How to Stop Running Pain
Running is a calorie-burning workout that can tone your legs and buttocks. While there are many benefits to running, there are some common drawbacks--back pain, knee inflammation and foot problems. If you experience pain after every running session, it’s time to take pain-preventing steps that help you avoid overuse injuries and painful symptoms. Your anti-pain running plan should address the common injuries runners experience including tendinitis, shin splints, runner’s knee and lower back pain.
Purchase new, supportive shoes designed specifically for running. Many common running injuries stem from a lack of shock-absorbing shoes to cushion some of the impact running places on your joints. Replacing your shoes with lightweight, durable running shoes can stop pain. If you run outdoors, your running shoes should feature grips that prevent you from slipping on the ground. Remember to replace your shoes every 300 to 500 miles you run, according to TheRunnersGuide.com.
Run on a surface that cushions your joints, like a rubber track, grass or a quality treadmill that absorbs impact. Hard surfaces like cement can be too hard on your joints, causing pain when you run. Sand also should be avoided if possible because sand can create an uneven surface that increases your risk for Achilles tendon injury.
Warm up before you stretch. Some runners do the opposite. However, you should walk or lightly jog for three to five minutes to warm the muscles before stretching them. This can improve how deeply you are able to stretch, reducing your injury risk.
Stretch all of the muscles you use when running -- including your quadriceps and calf muscles, two common injury sites. Incorporate an iliotibial band stretch into your routine to prevent iliotibial band syndrome, a common runner's injury that causes pain on the outer portion of the knee. Cross your right leg over your left and reach for your toes and hold the stretch for 30 seconds. Release, then repeat the stretch on your opposite side.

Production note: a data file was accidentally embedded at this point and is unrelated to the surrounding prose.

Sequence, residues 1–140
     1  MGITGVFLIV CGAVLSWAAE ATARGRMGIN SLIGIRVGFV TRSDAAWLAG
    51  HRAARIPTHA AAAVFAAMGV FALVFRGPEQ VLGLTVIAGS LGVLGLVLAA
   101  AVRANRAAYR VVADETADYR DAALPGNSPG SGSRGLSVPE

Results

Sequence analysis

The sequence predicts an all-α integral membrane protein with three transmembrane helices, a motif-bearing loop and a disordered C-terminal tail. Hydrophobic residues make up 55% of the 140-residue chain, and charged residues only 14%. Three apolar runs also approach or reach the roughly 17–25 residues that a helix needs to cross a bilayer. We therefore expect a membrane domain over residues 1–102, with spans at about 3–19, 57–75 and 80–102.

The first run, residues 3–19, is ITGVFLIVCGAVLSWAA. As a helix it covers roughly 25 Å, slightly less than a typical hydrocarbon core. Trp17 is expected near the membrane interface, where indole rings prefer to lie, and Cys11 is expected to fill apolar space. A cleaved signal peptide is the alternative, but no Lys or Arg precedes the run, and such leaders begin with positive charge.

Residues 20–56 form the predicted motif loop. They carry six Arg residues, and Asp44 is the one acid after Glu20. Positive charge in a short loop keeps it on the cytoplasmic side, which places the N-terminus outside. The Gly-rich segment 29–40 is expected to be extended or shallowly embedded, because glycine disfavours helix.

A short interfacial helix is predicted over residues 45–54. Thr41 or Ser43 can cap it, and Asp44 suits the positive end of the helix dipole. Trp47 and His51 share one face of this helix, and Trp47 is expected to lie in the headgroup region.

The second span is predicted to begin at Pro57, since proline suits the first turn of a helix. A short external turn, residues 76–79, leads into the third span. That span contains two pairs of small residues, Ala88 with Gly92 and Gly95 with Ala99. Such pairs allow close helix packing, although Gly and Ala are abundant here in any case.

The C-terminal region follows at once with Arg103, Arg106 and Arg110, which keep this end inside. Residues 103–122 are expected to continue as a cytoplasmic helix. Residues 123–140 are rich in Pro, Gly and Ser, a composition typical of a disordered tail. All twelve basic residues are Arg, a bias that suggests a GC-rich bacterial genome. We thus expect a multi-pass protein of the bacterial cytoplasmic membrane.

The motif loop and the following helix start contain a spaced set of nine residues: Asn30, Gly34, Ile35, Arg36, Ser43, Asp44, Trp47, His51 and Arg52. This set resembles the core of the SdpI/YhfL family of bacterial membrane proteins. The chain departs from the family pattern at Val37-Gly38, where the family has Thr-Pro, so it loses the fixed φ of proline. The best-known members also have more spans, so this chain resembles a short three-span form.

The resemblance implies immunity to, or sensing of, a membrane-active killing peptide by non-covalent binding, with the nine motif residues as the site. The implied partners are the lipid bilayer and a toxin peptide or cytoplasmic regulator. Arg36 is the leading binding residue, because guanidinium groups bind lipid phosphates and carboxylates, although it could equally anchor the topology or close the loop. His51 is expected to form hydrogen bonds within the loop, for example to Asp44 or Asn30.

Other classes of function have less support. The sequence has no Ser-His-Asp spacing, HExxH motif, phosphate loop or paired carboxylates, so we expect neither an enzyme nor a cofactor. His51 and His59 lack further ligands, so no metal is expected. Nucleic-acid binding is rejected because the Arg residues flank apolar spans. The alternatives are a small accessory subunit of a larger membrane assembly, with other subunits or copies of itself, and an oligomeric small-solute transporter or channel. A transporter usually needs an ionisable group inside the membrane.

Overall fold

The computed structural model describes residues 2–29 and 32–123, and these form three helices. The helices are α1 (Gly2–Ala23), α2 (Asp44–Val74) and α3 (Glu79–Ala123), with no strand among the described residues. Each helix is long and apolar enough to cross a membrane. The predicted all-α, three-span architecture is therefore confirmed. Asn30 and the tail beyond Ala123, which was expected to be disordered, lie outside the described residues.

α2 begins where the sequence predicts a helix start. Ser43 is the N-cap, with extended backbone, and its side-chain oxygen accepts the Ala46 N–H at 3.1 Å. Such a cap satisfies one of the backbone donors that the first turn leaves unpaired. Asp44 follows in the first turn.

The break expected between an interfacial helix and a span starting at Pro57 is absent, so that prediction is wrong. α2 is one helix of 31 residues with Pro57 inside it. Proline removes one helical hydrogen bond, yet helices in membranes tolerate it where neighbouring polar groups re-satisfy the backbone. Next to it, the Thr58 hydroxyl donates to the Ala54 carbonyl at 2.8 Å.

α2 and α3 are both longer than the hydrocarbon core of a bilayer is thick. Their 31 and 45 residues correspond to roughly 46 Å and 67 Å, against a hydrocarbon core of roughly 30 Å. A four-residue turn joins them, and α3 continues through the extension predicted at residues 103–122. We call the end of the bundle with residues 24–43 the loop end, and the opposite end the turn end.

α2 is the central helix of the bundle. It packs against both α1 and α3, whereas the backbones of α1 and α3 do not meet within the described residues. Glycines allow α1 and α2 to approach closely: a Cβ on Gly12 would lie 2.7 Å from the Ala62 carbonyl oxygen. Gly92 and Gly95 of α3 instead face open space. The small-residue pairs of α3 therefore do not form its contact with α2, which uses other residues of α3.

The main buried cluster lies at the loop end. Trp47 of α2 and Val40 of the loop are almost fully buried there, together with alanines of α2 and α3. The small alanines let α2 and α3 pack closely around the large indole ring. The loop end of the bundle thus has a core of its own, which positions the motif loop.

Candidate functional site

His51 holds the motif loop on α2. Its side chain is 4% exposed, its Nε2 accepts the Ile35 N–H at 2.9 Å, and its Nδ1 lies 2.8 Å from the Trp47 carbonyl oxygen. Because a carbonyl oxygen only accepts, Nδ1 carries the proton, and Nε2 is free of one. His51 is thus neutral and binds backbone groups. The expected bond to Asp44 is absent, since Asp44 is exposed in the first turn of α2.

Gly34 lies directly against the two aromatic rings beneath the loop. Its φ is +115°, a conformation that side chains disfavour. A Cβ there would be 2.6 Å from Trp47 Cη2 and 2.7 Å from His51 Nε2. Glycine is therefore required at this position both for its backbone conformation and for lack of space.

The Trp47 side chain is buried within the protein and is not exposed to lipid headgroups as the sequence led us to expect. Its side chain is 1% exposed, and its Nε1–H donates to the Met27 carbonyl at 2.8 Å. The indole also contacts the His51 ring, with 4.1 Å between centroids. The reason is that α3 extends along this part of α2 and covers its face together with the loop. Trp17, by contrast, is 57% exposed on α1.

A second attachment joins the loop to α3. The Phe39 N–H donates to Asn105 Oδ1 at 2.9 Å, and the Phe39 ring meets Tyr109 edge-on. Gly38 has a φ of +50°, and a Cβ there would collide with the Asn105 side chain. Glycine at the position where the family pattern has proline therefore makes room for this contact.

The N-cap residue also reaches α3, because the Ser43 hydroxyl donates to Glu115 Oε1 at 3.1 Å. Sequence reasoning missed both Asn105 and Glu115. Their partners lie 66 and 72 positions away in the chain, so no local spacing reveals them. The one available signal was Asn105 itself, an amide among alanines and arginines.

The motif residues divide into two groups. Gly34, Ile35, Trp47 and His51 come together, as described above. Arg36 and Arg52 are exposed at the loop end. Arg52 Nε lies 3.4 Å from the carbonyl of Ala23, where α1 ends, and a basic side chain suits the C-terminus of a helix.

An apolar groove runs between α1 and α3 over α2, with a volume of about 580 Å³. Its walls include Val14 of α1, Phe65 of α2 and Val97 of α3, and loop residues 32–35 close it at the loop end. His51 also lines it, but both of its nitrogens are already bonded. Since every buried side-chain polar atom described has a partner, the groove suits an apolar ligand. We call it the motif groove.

Rest your running muscles by cross training. This is especially important if you run more than 40 miles per week, which makes you more prone to knee injuries, according to Cool Running. Substitute one of your weekly running sessions with biking or swimming to challenge your muscles in a different way and prevent overuse injuries. These are low-impact exercises that place fewer demands on the joints than running.
Strength train three days per week to boost muscle strength in the legs, which can stabilize your joints and prevent injuries and pain. Lunges, squats and calf raises can be helpful in preventing these injury types.
Stay hydrated. Lost water and salts during exercise can throw off your body’s internal balance, contributing to pain and injury. Weigh yourself before and after running. Drink two cups of water for every pound you lost while exercising.
Cool down by slowing your running pace to decrease your heart rate. Stretch the muscles you just worked. This can cut down on residual muscle stiffness and pain following a running session.
If you take steps to address this pain, yet still experience difficulties, see a physician who can determine if you have incurred a more serious injury.
Rachel Nall began writing in 2003. She is a former managing editor for custom health publications, including physician journals. She has written for The Associated Press and "Jezebel," "Charleston," "Chatter" and "Reach" magazines. Nall is currently pursuing her Bachelor of Science in Nursing at the University of Tennessee.